A common vision, yet challenging, for a salon owner has been ‘excellent salon management’ and to be positioned among the top-rated salons. And what has made this vision even more challenging is the ongoing pandemic. But this certainly is not impossible. Digging into more insights on successful salon management, Shriyal Sethumadhavan, Executive Editor, Professional Beauty and Hairdressers Journal in India, went live on the @probeautyindia Instagram page with Gunjan Taneja Gaur, a salon management guru and the Director of Bharti Taneja Alps Beauty, as part of the ongoing Professional Beauty Tuesday Sundowner series.
Here are excerpts from the virtual interview:
Pros and cons: The beauty industry is not gender biased. One who has the talent, creativity, and knows to amalgamate beauty with science can make it in this industry for a long time. Every day is different when you are part of beauty industry; it is not a 9-5 job. One day I am a salon owner, the other day I am a manufacturer, then a salon guru where I structure courses for salon management and write books for the same. On the flipside, this profession demands a lot of time, energy, and dedication, which could result into a tiring day. However, if one needs to give time to themselves and the family, time segregation is of utmost importance. This can be challenging for many.
People management: This is of utmost importance for any salon to be successful. It is always the team that matters the most and determines the achievement. A good salon owner should invest time in building a good team, because once this is achieved, there is no looking back.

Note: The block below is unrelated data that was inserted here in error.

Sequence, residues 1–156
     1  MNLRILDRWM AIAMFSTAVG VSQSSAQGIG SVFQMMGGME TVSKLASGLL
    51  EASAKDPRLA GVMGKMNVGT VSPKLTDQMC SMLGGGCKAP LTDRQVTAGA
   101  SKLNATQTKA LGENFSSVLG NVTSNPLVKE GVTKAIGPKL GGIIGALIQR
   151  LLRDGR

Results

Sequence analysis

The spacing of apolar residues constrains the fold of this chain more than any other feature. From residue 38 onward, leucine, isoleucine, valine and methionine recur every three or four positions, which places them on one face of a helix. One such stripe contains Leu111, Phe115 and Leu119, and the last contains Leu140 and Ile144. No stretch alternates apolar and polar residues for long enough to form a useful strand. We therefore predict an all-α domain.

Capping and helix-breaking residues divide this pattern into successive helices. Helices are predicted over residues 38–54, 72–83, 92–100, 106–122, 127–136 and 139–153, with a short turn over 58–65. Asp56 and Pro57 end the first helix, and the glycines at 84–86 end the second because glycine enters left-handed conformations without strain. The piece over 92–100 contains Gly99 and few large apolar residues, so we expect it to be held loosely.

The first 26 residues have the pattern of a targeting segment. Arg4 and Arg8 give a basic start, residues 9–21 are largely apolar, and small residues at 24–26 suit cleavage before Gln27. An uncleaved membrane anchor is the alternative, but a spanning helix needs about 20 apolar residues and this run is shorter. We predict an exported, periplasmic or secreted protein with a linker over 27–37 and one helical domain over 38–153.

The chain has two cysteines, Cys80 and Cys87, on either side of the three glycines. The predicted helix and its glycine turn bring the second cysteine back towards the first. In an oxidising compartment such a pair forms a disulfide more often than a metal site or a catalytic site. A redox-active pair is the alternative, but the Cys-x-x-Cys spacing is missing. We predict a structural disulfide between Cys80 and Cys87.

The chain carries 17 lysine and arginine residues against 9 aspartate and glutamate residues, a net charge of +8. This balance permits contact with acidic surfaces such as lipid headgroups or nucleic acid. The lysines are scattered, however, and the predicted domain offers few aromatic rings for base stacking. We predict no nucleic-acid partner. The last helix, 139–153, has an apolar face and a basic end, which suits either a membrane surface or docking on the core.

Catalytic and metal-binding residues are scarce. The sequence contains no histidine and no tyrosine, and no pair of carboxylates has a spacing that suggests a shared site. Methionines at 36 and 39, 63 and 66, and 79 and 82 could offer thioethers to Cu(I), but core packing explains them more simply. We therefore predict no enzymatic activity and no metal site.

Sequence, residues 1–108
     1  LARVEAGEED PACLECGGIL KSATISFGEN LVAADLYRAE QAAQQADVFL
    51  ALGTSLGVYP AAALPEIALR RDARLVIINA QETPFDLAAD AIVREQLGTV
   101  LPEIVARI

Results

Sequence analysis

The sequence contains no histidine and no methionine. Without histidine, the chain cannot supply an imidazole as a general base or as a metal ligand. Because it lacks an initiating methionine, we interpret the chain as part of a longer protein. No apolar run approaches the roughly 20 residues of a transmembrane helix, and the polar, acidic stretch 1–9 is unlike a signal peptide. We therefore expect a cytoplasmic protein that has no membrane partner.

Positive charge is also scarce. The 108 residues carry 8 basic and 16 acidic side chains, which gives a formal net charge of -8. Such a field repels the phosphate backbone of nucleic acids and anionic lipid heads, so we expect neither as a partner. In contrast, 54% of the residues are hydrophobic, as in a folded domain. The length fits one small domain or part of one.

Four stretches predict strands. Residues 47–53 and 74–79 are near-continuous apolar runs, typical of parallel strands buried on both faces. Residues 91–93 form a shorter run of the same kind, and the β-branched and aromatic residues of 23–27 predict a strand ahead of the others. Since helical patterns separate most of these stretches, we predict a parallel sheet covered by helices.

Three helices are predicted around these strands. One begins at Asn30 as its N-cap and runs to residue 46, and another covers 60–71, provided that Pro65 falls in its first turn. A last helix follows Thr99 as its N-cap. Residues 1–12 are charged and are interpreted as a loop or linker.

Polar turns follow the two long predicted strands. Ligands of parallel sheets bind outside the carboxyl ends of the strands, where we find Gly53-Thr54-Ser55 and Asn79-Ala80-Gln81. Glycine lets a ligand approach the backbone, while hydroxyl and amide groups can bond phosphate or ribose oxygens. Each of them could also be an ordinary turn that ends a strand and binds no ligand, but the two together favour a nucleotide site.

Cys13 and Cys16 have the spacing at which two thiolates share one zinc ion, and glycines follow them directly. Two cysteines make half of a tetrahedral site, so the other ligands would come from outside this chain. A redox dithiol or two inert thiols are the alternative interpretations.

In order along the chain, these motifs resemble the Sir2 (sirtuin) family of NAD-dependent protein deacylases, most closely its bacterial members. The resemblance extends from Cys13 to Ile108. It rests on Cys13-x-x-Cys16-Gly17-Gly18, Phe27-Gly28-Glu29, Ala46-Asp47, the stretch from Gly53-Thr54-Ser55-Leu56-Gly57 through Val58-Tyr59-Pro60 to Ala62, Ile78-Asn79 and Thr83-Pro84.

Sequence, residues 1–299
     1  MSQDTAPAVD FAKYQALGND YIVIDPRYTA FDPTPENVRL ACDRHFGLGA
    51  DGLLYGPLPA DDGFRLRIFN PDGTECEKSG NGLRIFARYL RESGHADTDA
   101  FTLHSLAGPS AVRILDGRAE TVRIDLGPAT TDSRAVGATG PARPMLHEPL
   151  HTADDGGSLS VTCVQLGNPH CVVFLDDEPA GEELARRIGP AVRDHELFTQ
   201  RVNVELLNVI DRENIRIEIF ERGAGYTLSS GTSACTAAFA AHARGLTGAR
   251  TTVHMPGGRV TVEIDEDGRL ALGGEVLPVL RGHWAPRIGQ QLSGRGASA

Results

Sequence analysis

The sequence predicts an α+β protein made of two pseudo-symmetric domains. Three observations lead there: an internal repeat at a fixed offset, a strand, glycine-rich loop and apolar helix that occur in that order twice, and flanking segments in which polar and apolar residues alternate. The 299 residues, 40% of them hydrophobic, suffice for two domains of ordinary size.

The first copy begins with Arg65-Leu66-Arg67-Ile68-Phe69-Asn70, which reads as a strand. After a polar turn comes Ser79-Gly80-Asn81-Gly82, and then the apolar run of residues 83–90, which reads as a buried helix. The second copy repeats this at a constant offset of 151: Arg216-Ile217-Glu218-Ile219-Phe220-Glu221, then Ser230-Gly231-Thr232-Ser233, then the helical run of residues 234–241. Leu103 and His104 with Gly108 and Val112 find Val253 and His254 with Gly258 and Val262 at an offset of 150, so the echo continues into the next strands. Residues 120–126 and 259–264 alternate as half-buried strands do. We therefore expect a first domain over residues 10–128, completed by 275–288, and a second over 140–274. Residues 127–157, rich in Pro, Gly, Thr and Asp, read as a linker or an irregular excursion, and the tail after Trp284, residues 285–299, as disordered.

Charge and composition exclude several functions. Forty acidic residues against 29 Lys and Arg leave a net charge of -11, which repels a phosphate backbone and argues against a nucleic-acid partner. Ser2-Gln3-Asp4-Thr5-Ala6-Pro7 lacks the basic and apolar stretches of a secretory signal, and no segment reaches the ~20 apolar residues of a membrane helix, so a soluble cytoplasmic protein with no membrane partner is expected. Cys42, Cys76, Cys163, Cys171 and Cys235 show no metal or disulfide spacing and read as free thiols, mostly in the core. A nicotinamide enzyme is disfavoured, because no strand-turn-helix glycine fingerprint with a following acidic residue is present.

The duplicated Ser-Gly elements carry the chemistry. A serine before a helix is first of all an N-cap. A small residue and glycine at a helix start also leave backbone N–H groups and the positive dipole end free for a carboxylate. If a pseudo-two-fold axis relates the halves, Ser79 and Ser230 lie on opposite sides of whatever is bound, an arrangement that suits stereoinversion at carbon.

Education: Majority of the academies in our country are not recognised by the government, because of which, what lacks is uniformity in the education syllabus. There is also no certificate or accreditation needed to open an academy, which poses a challenge for the aspirants of this industry. The beauty business in based on touch and it is said that touch makes one heal, which means the procedures done are non-reversible. Hence, a person with less or incomplete knowledge about the same make put the clients’ hair or skin at risk. I strongly feel that the government should give a license to open an academy, and this should be made mandatory.
Virtual training: Virtual trainings are 50 per cent of what can be done in the offline training as there are many aspects that can be covered and observed in offline training as compared to the online. Virtual training can be a success for makeup and salon management, but if someone wants to work in cosmetic manufacturing, they have to physically go to the factory, as virtual training might not help as effectively.
Ongoing challenges: Uncertainty is the biggest challenge faced by the beauty industry today. Almost 70,000 salons are closed in Delhi and NCR in past one year, owing to the uncertain pandemic conditions. Another challenge that all salons are facing is a fall in client footfall.
Sustainability: Sustainability is a combination of honesty and education. If you have an honest relation with your clients and educate them in the process, that is sustainability.
Text compiled by: PRIYANKA PARSHURAMI
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